- Researchers led by Birmingham recruited 75 young and 77 senior adults
- They had complete tests selecting one of two symbols for the digits.
- In some points equal to money for the player, in others money for someone else
- Older adults were as quick as younger ones to make money for others
- The team also noted fewer self-reported psychopathic symptoms in older adults.
Older people can learn new skills faster if doing so benefits other people rather than themselves – unlike younger adults, who learn faster when helping themselves.
This is the conclusion of a study by researchers from the universities of Birmingham and Oxford, who conducted tests involving so-called reinforcement learning.
It is this understanding that we develop from assessing the positive consequences of our past choices – enabling us to adapt our decisions to our environment.
The team said the finding that older people are more motivated to learn when it helps others may help experts find new ways to combat age-related cognitive decline.
The team also found that older people appeared to be more likely to ‘get older’ with psychopathic symptoms such as lack of empathy, perhaps explaining the results.
One study found that unlike young adults, who learn faster when helping themselves, older people can learn new skills faster if it benefits other people.
psychopathic traits and age
As part of the study, the team also asked each participant to complete a test to assess the level of their psychopathic symptoms — such as a lack of empathy or concern for others.
In the findings the researchers called ‘astonishing’, they found that levels of these symptoms were lower in the older group, suggesting that it may not be fixed over a person’s lifetime, but fade away with age.
According to the team, lower levels of psychopathic traits in older adults may explain why they learn faster when they benefit others.
‘Reinforcement learning is one of the key ways in which humans – as well as animals and even plants – learn from and adapt to their environment,’ said paper author and neuroscientist Patricia Lockwood from the University of Birmingham.
‘We need to make decisions and learn all the time based on the positive or negative feedback we receive. This allows us to optimize our options to choose the best course of action in the future from the many possible alternatives.’
‘We find that older adults do worse than younger adults at learning from positive feedback on their behavior.’
‘However, surprisingly, when making choices that respond positively to another person – money – older adults are just as good as younger adults.’
In their study, Dr. Lockwood and her colleagues recruited 152 participants – nearly half of whom were aged 18-36, the remainder between the ages of 60-80.
Each participant took part in a series of trials in which they were asked to choose between one of two symbols displayed on a computer screen.
After each selection they made, the subject received feedback on their decision – and whether or not they received award points as a result.
In some rounds, the points earned did not make sense, while in others they translated into money for the participants or for someone else.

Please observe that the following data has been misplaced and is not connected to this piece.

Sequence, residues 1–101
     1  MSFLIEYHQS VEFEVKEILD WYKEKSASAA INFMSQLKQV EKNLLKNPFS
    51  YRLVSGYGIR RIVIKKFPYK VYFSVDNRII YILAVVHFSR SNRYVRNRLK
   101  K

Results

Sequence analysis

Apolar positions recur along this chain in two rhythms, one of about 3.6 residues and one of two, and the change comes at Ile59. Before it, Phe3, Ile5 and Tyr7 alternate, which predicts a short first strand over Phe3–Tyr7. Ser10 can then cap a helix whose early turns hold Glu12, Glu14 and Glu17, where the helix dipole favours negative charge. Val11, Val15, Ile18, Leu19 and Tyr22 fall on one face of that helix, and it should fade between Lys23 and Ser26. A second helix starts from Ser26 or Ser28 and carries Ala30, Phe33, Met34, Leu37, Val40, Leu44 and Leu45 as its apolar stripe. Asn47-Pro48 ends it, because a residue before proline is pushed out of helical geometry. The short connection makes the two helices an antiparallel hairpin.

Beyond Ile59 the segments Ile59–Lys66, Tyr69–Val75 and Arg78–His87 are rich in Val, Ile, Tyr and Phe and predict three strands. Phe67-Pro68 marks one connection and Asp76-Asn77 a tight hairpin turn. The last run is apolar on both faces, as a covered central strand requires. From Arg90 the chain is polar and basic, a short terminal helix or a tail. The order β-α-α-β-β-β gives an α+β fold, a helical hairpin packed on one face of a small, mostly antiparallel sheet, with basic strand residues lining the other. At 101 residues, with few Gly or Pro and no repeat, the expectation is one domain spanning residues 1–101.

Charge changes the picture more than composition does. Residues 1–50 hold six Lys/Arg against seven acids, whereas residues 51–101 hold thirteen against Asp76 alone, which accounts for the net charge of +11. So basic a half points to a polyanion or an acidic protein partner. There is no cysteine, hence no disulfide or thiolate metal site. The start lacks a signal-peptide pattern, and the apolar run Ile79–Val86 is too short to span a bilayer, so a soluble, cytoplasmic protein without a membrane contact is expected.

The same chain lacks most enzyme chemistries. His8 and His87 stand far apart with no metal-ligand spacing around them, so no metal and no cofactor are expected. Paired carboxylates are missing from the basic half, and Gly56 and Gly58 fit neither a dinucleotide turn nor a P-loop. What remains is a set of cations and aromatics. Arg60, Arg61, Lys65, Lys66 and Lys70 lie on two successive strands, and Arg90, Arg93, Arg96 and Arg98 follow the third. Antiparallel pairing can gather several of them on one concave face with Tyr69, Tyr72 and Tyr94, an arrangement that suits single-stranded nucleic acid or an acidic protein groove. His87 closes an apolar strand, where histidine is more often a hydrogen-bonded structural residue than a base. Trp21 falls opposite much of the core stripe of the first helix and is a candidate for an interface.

The researchers found that the older group of participants was slower than the younger group at learning which options were better when their selection had the potential to benefit themselves financially.
However – when they were making choices that had the potential to benefit another person – older participants were seen to learn how to succeed in the game faster as younger test subjects.
When the points had no value and no financial motivation, the team found that participants in both age groups learned the slowest.
“We believe that in general, cognitive processes and learning ability deteriorate as people age,” said paper author and neuroscientist Joe Cutler from the University of Birmingham.
‘So it’s really interesting to see that when making choices that benefit others, the learning ability of older adults is preserved,’ she adds.
‘By better understanding what motivates older people in this way, we can contribute to strategies that promote healthy aging.’
The full findings of the study were published in the journal nature communication.
Do diet and lifestyle tips maintain brain health in old age?
Scientists have uncovered dietary and lifestyle tips that keep the brain healthy in old age.
According to researchers around the world ‘what is good for the heart is good for the mind’.
They say that no one food acts as a ‘silver bullet’ when it comes to improving or maintaining brain health.
Experts have put together the following diet and lifestyle advice to help people maintain their brain health as they age.
Eating lots of berries helps maintain people’s brain health as they get older.
- fresh vegetables, especially leafy vegetables
- healthy fats, such as extra virgin olive oil
- fish and seafood
Include the following in your diet:
- Beans and other legumes
- low fat dairy
Red meat intake should be limited
Limit intake of:
- fried food
- processed foods
- Red meat
- full fat dairy
- be active
- avoid overeating
- Eat at least one meal a week with fish that is not deep fried
- Pay attention to the level of salt in pre-made food
- Use lemon, vinegar, herbs and spices to enhance the flavor of food instead of salt
- Snack on Raw, Plain, Unsalted Nuts
- eat vegetables of different colors
- prepare food from scratch
Eleven researchers from the Global Council on Brain Health, including experts from the University of Exeter, met on 12-to-13 September 2017 to discuss the impact of diet on the brain health of adults over 50.
Their recommendations are based on an evaluation of studies examining the impact of…